The “bystander effect” is one of the more curious aspects of human nature. In case you’re not familiar, it’s a social psychological phenomenon where individuals offer no help to someone in distress, even though other people are present. In some states, failure to come to the aid of someone in danger is a misdemeanor under the Good Samaritan law. But it’s a troubling notion that you could be surrounded by people and no one would act.
Take the case of Kitty Genovese. She was raped and stabbed in New York City, and yet out of all the people who heard her cries, no one came to help.
Psychologists have determined three main reasons why people fail to act in these situations: diffusion of responsibility, following the crowd, and not wanting to stand out from that crowd. So, how and when do we start to see this bystander effect occur in children?
Jesse Singal from NYMag writes on a team of researchers, led by Maria Plötner from the Max Planck Institute for Evolutionary Anthropology, that wanted to figure out just that. They got 60 children to participate, all of them five-year-olds, and all of them just as susceptible to the bystander effect as adults.
The experiment had several scenarios with a similar setup. In each, there was always one adult experimenter in the room painting a cardboard wall and at least one child coloring. However, the study gets interesting when, in some scenarios, two kids are added to the room, but as secret confederates of the experimenter (told not to act). In the experiments meant to test the bystander effect, the two confederate kids were separated from the sight of the other child by the cardboard wall. In another, the two confederate children were not blocked off.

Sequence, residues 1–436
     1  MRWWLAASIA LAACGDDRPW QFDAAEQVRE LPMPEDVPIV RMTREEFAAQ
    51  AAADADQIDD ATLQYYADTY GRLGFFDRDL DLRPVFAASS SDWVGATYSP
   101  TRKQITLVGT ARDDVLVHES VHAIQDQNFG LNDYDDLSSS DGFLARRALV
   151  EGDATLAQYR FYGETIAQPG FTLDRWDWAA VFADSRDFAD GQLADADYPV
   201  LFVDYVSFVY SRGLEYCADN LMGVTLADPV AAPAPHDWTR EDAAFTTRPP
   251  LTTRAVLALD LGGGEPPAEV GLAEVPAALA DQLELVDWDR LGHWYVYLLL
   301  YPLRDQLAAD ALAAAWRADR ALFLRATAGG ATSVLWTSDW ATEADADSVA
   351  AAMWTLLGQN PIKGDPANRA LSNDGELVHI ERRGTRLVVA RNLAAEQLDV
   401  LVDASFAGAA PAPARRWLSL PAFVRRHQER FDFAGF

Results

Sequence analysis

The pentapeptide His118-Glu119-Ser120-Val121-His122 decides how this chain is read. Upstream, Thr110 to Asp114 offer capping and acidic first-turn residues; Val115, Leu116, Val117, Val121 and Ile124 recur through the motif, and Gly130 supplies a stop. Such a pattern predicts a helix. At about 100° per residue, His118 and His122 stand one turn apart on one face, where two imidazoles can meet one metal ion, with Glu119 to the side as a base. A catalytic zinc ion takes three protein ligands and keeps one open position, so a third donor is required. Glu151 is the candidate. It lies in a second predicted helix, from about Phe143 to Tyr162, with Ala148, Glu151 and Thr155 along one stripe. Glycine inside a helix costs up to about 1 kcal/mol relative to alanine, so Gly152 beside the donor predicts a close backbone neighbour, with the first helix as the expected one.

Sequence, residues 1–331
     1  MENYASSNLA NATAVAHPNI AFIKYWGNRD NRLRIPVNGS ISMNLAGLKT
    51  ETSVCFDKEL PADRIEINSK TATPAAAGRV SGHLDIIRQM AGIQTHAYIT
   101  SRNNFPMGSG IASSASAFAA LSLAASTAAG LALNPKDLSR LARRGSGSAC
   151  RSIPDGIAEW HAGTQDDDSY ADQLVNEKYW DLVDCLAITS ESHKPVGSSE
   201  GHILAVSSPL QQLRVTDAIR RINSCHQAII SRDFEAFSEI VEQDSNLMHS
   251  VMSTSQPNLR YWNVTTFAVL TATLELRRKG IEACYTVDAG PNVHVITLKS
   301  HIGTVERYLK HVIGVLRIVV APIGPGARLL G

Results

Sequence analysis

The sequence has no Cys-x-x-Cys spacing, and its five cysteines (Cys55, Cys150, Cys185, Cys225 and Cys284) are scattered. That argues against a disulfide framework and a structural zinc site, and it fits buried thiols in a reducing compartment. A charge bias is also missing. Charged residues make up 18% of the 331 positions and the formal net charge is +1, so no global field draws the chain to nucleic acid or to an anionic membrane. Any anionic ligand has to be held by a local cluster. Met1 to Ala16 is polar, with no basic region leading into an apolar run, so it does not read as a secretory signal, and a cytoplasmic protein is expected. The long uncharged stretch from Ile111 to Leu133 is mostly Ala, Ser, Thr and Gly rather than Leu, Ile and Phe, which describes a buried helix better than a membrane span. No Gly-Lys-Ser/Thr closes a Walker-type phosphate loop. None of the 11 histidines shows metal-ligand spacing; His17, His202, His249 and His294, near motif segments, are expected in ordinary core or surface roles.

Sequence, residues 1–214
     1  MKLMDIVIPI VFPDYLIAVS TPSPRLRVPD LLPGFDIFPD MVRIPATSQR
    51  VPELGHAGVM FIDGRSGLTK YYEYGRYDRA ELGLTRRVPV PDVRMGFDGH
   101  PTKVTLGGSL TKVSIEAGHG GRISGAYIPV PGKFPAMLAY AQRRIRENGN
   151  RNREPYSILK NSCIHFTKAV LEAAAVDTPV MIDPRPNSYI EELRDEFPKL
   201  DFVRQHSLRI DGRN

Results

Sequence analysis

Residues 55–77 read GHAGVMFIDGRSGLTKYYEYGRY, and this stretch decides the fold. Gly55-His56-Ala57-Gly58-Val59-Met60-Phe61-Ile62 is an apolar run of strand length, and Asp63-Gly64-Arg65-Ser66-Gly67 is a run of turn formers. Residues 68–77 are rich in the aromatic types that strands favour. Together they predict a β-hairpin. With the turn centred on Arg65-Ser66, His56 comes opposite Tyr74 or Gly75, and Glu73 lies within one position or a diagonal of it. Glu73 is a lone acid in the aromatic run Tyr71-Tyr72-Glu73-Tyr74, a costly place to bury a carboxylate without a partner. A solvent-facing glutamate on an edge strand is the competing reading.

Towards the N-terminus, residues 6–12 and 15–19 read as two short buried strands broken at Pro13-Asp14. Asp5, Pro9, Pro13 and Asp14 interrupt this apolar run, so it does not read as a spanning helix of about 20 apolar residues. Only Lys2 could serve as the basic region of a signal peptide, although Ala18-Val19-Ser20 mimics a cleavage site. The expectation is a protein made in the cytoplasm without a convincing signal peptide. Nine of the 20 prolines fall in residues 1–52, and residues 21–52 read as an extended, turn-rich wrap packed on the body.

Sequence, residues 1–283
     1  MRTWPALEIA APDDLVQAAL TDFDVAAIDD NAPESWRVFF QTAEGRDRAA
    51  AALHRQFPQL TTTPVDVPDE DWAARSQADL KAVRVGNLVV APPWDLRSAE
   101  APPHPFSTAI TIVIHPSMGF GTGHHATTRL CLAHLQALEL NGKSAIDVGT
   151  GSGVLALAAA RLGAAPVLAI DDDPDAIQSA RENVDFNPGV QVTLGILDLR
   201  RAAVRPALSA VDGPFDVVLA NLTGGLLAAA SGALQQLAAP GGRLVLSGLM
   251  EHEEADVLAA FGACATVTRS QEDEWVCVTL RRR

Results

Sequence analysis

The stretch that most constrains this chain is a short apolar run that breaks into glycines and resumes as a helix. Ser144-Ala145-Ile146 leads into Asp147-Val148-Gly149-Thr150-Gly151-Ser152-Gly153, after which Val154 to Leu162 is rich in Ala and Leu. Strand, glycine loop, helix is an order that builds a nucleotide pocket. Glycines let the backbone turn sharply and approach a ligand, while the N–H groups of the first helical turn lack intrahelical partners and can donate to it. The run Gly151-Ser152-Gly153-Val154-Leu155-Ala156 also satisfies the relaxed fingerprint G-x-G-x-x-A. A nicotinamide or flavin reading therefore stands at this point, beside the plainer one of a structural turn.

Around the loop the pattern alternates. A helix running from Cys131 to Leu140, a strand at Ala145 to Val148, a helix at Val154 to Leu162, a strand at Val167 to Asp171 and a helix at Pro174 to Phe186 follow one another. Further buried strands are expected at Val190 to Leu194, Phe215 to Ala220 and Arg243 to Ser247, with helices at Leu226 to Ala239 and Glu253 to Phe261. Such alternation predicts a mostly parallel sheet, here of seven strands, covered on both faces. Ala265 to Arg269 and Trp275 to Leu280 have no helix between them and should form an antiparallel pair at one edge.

After the coloring started, the experimenter spilled colored water all over the table. The experimenter made a series of timed pleas for help for someone to bring her paper towels.
When the kids were alone with the adult, they were ready to help. However, the results were different when there was a crowd present. Indeed, young children are susceptible to the bystander effect. But the researchers write, “It is due not to social referencing or shyness to act in front of others but, rather, to a sense of a diffusion of responsibility.”
The researchers suggest that “interventions to promote helpfulness in bystander-type situations should address the issue of diffusion of responsibility early in development.”
Philip Zimbardo, known for his 1971 Stanford prison experiment, founded the Heroic Imagination Project as a way to help everyday folks “transform negative situations and create positive change.” In his interview with Big Think, he talks about two kinds of heroes: impulsive reactive and the reflective proactive:
Read more at NYMag.
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